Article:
Apr 212016

Changes to assessments, again?

  • Some school board members think we can do better by tests. But it’s not clear if their opt-out resolution aligns with changing law
  • Federal law – What’s really required

Graduates with diplomas. Close-up of four college graduates standing in a row and holding their diplomas

Vice President, CPPS of Seattle

APRIL 21, 2016 – The Seattle School Board is considering a resolution to request local alternatives to state testing. It is not clear, though, if what the board is considering is anything the state can act on.

While states are free to select their own assessments, those tests must align to their state standards, and all districts in the state must use the same test, unless the U.S. Department of Education grants a waiver. It appears those waivers are intended for states that want to set up pilot programs for new statewide assessments, not for local control.

Testing 101

At the federal and state level, standardized tests are used to gauge whether or not schools are meeting students’ academic needs and, theoretically, help them track efforts to improve. States first establish their learning expectations, then use the standardized tests to measure student achievement and growth. When states have comparable data, they can identify schools that are especially successful in certain areas or with subgroups of students, or schools that need more focused support and resources.

Standardized assessments are supposed to inform continuous improvement. Whether tests currently in use provide actionable information is a point of dispute. The big summative tests that Washington uses are useful for monitoring schools, but many argue they don’t inform teaching and learning.

There is movement nationally to develop more holistic assessments of school health and student success:

  • Tacoma has a whole child initiative that tracks metrics beyond academics
  • Some states are moving into competency-based learning that require different types of assessment
  • Others are looking into using interim assessments during the school year, or adding adaptive features to measure growth, particularly of students working below and above grade level

The Smarter Balanced test that Washington uses is summative; that is, it  measures what students know at the end of the year against grade level expectations. It is also adaptive; that is, it adjusts the difficulty of questions based on student response. This last feature is supposed to give more accurate information about the test-taker, but it also requires familiarity with and access to computers.

Students take the Smarter Balanced tests in grades 3 to 8 and once in high school.

The Smarter Balanced high school exam is intended to gauge whether or not a student is on track to transition into career or college by measuring mastery of state learning standards. In contrast, AP tests that some high school students take measure mastery of specific course material for possible college credit; the SAT measures developed reasoning and is not aligned to high school curriculum; and the ACT measures general educational development in English language arts, math and science.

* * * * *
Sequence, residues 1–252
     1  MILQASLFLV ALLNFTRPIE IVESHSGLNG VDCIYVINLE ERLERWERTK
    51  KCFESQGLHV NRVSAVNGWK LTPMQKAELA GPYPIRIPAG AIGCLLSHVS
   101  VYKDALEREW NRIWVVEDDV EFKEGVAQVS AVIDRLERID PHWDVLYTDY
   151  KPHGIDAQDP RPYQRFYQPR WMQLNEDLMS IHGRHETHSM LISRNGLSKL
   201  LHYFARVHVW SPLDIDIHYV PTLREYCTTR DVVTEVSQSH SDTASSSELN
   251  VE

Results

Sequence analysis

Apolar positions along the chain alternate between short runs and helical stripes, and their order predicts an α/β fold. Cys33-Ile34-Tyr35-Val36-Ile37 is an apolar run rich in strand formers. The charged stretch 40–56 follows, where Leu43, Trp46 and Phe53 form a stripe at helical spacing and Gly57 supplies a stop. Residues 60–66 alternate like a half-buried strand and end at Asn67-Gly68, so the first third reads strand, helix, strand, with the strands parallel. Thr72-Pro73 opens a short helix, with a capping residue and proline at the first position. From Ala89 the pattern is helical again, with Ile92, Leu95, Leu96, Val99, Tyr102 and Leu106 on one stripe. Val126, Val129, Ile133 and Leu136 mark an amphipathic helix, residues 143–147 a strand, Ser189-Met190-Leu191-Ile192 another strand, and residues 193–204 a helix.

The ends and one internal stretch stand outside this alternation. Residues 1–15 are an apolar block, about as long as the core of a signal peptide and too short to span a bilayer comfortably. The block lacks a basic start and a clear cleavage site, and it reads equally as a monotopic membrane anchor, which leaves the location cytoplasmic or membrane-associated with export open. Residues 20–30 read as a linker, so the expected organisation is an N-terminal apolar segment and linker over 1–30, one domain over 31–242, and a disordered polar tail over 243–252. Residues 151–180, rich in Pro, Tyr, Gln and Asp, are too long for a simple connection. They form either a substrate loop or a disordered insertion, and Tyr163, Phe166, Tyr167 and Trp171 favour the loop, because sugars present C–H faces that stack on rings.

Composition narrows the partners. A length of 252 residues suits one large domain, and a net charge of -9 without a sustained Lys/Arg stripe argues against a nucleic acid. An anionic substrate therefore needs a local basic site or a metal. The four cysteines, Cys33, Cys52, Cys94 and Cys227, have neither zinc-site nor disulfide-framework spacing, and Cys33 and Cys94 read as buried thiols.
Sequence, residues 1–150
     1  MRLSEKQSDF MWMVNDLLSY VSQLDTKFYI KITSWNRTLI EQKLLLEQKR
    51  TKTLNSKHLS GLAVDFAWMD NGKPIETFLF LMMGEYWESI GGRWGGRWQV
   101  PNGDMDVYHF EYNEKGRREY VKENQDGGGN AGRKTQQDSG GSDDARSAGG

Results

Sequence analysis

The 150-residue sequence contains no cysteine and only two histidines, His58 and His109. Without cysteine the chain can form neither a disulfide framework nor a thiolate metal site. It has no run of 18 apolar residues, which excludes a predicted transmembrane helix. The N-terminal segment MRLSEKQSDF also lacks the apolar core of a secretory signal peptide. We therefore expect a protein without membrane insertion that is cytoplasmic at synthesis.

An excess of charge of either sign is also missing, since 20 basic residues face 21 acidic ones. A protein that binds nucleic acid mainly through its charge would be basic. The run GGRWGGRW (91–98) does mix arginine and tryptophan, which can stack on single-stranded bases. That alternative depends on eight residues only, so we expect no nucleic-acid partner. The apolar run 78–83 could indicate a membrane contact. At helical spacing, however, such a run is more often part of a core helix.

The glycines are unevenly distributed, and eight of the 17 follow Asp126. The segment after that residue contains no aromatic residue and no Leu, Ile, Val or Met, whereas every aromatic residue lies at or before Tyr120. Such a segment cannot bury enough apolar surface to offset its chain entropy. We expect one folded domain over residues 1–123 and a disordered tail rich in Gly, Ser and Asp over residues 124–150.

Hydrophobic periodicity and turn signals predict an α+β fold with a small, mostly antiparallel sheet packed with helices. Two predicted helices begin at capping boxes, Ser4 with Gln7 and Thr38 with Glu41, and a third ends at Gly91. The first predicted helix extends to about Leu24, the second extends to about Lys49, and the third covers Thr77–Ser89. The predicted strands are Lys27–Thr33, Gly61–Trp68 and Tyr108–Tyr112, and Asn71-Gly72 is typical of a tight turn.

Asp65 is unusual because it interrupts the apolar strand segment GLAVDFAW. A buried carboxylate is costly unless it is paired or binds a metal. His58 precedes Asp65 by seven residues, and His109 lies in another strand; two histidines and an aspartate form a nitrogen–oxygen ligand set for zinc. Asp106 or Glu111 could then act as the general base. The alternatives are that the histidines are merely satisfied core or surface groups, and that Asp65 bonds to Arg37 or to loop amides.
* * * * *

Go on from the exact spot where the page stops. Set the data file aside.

Can Seattle choose its own test?

When ESSA, the new federal legislation, takes effect in 2017-18, any district can choose a high school test as long as they get state approval. Choosing a separate test for grades 3-8 doesn’t appear to be an option.

In rules under consideration at the federal level, up to seven states could apply to participate in a local Innovative Assessment System Pilot, but this isn’t to accommodate local control. It is to allow states to pilot tests that are aligned to different learning models, such as competency-based ones where students advance upon mastery.

Last year, New Hampshire got a waiver to pilot alternative tests for just such a model. Some of their districts will use the Smarter Balanced test while others will pilot the competency-based test under development. But the goal is a new state test for an alternative system, not local district choice.

Seattle isn’t pursuing an alternative model, nor is the state.

Why is this an issue?

In its proposed resolution, the Seattle School Board cites implementation issues with the Smarter Balanced test, the summative nature of the test, the time it takes, and language barriers, among other issues such as low performance among certain groups of students. (If you follow the link, be sure to scroll to the end; that’s where the resolution is.)

It also cites the number of tests students are taking, though outside of the Smarter Balanced tests none of those listed are state or federal requirements; several are private tests students take for college purposes, and some like the end of course exams have been replaced by the Smarter Balanced test.

For an update on federal testing requirements and changes prompted by the Every Student Succeeds Act (ESSA), click here.

Have something to share with the board?

You can contact the Seattle School Board members here:

A Better Way: The Charles Rolland Initiative for Public Engagement is based on the principles of dialogue and deliberation, with the intention to foster public decision making. This is part of an occasional series to give background information on current topics so families and community can engage more effectively.


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 April 21, 2016  Posted by on April 21, 2016 Parent Line

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